If we were in the directory Desktop and wanted to backup all the files to a tarball called backups.tar, we could issue this command:  tar cvf backups.tar . The flags here:c creates an archive, v makes the process run verbose and f sets the file name.  The . tells tar to back up the current working directory.  Use pwd if you’re unsure what that is.  As we didn’t tell tar where to put the file it will automagically put it in the working directory.  By default tar is recursive although you can specify an n flag to alter that default behavior.   Now, to display the contents of the tar file we just created, we can invoke tar using the tvf flags like so:  tar tvf backups.tar This uses the t to display the table of contents of the file, the v to do so verbosely and the f to list the filename of the tarball.  To extract all of the files from the tarball you can then use the xvf flags like so:  tar xvf backups.tar This uses the x flag to extract, the v to do so verbosely and the f to indicate the file name of the tarball.  If you wanted to only extract one file you would list that file name at the end of the command (start with source tar file then source file).  You can also use wild cards in either the creation or extraction of a tarball.  You can also use gzip utility with tar to compress the data by adding the z flag.  Anyway, hope this helps in your backup endeavors.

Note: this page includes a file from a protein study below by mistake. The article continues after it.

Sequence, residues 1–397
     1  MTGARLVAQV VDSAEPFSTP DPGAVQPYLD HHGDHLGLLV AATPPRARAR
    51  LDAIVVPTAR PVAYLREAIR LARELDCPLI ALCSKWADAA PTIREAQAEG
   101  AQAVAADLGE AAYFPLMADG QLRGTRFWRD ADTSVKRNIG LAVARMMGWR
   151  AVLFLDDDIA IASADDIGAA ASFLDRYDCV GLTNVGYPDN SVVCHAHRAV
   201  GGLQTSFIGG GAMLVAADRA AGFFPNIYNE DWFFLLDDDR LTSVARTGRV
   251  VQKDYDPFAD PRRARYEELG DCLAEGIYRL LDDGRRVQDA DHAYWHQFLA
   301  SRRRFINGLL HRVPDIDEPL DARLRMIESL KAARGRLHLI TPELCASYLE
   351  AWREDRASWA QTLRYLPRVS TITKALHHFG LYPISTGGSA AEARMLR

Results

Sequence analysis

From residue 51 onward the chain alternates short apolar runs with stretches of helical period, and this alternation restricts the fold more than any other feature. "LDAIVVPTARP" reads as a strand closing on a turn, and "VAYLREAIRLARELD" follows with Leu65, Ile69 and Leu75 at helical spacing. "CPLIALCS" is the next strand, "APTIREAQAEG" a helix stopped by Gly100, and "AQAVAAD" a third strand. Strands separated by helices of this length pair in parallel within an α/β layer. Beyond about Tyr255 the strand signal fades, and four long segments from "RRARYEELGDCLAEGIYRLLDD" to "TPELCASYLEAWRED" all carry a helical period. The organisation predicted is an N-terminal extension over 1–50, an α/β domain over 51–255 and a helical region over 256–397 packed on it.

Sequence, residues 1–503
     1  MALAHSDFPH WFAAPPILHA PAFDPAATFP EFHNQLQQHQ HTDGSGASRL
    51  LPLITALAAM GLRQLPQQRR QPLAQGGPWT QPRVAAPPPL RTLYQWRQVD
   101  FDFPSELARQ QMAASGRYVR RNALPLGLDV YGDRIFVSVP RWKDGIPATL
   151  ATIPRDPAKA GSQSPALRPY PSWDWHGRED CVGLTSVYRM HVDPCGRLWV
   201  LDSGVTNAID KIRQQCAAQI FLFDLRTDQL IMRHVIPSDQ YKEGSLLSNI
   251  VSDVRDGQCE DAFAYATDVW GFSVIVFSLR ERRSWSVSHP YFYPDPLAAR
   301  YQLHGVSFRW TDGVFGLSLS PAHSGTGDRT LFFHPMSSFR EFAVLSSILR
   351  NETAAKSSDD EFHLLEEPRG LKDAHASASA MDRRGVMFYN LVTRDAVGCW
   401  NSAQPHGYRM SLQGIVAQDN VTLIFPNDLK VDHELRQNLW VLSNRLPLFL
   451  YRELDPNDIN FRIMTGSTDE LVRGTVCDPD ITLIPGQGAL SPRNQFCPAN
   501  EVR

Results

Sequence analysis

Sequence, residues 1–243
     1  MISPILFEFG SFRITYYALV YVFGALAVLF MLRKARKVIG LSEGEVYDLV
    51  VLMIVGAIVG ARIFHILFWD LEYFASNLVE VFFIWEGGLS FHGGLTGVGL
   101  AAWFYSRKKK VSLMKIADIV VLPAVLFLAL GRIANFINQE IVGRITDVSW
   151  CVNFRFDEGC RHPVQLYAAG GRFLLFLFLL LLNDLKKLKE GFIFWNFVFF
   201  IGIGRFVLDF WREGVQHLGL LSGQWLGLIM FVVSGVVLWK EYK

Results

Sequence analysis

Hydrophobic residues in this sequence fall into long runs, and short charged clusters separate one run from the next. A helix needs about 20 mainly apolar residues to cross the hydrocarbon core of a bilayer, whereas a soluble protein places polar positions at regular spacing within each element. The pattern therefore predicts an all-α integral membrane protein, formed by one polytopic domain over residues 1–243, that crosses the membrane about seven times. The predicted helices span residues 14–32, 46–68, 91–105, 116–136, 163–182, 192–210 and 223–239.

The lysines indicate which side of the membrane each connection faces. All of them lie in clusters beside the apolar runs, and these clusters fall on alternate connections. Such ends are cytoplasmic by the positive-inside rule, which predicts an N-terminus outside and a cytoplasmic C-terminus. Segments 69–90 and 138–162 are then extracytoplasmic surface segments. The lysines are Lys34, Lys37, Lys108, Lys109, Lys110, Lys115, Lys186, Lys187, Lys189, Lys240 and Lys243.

You can use the command line tool opfw to set open firmware passwords.  It is available for download over at  You can also use opfw to mass deploy open firmware passwords, which is basically what NetRestore does when you use their setting for this.